I’ve had people listen to it and hear it and do it and it had incredible results. Oftentimes when people do it just from hearing podcasts like this is they’ll do five minutes or ten minutes and then they’ll get scared and they’ll stop.
[1:56:03] Ashley James: Right. They got to power through.
[1:56:05] Jon Paul Crimi: Yeah. I mean, that’s actually why the class helps. It’s kind of like peer pressure in a good way like everyone around you is doing it. You hear people around you having emotional experiences and you start to get emotional. So classes are really good. A private session’s a really good for people. But not everybody has access to that. So, if you don’t have access to that, that’s why the online courses are great.
[1:56:27] Ashley James: This makes so much sense why you have a link to Spotify with all this playlist. I was going through your website. I was like, ‘Oh, he’s on Spotify.’ I click on it, it’s just a bunch of playlist of songs. I’m like, ‘What? What?’ Now I get it.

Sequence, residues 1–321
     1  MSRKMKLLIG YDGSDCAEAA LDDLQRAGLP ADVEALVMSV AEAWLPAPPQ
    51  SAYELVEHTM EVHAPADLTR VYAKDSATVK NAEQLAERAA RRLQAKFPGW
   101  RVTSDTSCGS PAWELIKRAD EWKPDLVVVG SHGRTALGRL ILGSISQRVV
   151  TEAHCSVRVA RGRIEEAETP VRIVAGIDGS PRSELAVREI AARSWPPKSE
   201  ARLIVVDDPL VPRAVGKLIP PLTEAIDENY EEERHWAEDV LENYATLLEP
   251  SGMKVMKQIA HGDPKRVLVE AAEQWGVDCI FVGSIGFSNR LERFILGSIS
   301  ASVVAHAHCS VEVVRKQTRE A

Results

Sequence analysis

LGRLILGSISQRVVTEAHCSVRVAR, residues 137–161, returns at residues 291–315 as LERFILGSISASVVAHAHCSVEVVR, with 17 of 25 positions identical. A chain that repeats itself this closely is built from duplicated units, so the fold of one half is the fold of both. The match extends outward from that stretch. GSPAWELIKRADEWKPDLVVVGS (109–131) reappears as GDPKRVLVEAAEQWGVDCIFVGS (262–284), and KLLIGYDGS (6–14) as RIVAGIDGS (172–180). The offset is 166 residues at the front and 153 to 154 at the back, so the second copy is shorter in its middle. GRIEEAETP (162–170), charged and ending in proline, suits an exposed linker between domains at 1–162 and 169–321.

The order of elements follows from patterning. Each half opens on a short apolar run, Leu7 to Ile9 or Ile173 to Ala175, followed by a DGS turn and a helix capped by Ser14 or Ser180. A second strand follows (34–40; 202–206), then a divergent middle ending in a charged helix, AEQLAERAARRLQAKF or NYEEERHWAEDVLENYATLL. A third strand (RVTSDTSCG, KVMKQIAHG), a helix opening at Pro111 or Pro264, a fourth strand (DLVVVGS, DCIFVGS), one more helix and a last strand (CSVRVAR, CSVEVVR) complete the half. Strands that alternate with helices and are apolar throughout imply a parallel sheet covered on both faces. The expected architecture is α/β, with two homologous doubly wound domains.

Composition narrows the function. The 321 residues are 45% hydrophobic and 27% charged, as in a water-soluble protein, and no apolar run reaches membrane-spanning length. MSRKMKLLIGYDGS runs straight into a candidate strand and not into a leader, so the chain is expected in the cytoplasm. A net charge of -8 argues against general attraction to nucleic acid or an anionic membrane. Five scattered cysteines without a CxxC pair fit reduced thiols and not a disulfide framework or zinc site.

[1:56:43] Jon Paul Crimi: I’m so glad you brought that up. All right. I have years of my classes. Those are all my classes, right? That I’ve done on Spotify. If you look at the playlist, let me get one up here so I can kind of go over it. If you look at a playlist, let’s just say here we go Bend. So the first song is like a song Feeling Good by Lauryn Hill. That’s a real intense motivational song, right? Then the second song is another motivational song. So the first three or four songs are really pushing you. Then we get into emotional stuff. Then there’s a song in there that’s just sound. What I’m doing there is I’m actually playing the gong in my class. So I have a gong. I can’t believe I have a gong and I play a gong in my class. It’s just so weird for me. How that came about was I was in a class and I didn’t like the class but we screamed into the gong and that was such a powerful experience for me that I added it to my class.